Wednesday, June 10, 2015

Appeals court rejects lawsuit against emissions rules, says they are unable to rule on a proposal

A federal appeals court on Tuesday rejected a lawsuit by energy companies and states against the Obama administration's proposed rules to cut carbon-dioxide emissions from existing power plants 30 percent by 2030, saying the court can't review a regulation that hasn't been finalized, Timothy Cama reports for The Hill.

Judge Brett Kavanaugh of the Court of Appeals for the District of Columbia Circuit, wrote: “They want us to do something that they candidly acknowledge we have never done before: review the legality of a proposed rule. But a proposed rule is just a proposal. In justiciable cases, this Court has authority to review the legality of final agency rules. We do not have authority to review proposed agency rules.” Judge Karen Henderson, who agreed with the ruling, disagreed with Kavanaugh's statement, writing in a separate opinion that the court could have ruled on the proposal if it wanted to.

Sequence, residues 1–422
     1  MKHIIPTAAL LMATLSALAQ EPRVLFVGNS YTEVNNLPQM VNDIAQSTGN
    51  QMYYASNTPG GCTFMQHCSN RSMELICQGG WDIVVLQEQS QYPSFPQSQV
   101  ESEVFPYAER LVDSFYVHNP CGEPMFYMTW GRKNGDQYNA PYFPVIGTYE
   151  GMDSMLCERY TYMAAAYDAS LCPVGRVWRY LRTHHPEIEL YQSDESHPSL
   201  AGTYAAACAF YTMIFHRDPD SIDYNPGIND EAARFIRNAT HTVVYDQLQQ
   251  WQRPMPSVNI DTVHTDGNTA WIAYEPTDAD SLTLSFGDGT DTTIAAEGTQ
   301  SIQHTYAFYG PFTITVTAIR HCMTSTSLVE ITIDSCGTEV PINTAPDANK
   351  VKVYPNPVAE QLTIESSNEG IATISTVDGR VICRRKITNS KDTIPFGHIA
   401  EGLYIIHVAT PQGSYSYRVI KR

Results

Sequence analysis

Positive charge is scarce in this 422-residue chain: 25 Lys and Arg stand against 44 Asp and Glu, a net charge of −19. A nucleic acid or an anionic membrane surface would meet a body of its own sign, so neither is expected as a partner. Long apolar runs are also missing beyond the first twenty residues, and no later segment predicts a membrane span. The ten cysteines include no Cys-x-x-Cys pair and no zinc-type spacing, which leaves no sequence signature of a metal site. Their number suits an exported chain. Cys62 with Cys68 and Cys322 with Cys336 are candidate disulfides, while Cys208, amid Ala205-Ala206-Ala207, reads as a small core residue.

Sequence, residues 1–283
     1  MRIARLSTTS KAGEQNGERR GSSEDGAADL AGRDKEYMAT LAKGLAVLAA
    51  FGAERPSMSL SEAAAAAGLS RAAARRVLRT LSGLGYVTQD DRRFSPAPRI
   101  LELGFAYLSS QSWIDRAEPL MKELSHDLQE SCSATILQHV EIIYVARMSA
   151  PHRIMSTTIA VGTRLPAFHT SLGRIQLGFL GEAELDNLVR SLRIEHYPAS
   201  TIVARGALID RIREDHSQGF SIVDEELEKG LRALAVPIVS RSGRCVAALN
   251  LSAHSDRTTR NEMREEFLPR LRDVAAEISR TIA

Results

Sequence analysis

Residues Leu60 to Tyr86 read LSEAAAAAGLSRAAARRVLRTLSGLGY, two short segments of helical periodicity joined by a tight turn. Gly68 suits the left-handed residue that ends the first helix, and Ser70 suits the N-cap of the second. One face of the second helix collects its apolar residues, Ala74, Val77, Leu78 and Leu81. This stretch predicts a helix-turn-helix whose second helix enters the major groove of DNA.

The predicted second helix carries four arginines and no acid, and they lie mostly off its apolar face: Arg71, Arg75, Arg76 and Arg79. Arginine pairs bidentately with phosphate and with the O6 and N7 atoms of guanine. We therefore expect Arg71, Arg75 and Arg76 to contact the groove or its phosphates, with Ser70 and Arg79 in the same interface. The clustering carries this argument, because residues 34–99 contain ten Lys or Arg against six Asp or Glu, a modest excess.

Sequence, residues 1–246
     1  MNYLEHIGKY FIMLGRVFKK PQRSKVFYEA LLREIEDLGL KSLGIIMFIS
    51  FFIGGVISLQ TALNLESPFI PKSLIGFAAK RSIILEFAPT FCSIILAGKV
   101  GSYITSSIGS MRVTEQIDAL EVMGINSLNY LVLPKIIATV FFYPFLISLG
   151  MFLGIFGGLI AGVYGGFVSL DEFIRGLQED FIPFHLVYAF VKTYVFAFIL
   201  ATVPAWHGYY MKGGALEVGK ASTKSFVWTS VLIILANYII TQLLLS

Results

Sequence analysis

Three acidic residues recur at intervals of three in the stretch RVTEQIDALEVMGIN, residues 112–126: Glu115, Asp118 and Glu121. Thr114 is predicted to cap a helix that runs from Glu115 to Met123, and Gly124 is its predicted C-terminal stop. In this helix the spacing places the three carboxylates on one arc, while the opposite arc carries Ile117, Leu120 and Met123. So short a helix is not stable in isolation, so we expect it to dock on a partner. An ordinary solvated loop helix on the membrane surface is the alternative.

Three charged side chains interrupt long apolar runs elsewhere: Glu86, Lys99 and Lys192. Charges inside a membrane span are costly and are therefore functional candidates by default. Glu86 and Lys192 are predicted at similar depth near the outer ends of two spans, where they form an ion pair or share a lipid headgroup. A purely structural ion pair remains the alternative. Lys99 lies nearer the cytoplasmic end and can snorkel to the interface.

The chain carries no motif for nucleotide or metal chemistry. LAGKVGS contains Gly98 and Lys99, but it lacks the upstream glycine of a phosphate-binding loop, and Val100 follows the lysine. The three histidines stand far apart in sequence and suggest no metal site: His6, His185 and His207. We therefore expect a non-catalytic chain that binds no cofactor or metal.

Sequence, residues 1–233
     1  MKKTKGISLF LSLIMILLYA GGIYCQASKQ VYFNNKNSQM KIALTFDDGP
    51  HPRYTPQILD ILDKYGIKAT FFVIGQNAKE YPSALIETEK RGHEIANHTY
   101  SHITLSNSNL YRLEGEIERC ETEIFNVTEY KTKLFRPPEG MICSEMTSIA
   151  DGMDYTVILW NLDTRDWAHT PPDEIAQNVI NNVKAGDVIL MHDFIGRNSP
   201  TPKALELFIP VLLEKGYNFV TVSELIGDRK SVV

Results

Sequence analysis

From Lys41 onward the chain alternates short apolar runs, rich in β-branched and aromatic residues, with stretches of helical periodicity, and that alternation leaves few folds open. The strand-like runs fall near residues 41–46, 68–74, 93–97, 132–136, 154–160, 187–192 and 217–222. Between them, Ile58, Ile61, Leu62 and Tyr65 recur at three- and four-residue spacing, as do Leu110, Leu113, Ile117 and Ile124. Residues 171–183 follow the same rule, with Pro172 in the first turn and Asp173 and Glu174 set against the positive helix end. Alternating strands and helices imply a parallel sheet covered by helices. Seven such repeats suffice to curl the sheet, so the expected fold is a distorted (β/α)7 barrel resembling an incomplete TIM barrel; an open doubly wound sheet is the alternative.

"Murray Energy Corp. led a coalition of energy companies in challenging the rule, arguing that the Clean Air Act does not allow the regulation of carbon dioxide from power plants since other emissions from those plants are already regulated," Cama writes. "West Virginia led 15 states that also challenged the rule, and the cases were combined."

While advocates for the proposed rules chalked the decision up as an early victory, opponents of the rules said they expected the decision, Cama writes. West Virginia Attorney General Patrick Morrisey told Cama, "When we filed this case last summer, we knew there would be procedural challenges, but given the clearly illegal nature of the rule and the real harm occurring in West Virginia and throughout the country, we believed it was necessary to take all available action to stop this rule as soon as possible. We believe that the litigation has further revealed the weakness of EPA’s arguments on the merits.” (Read more)

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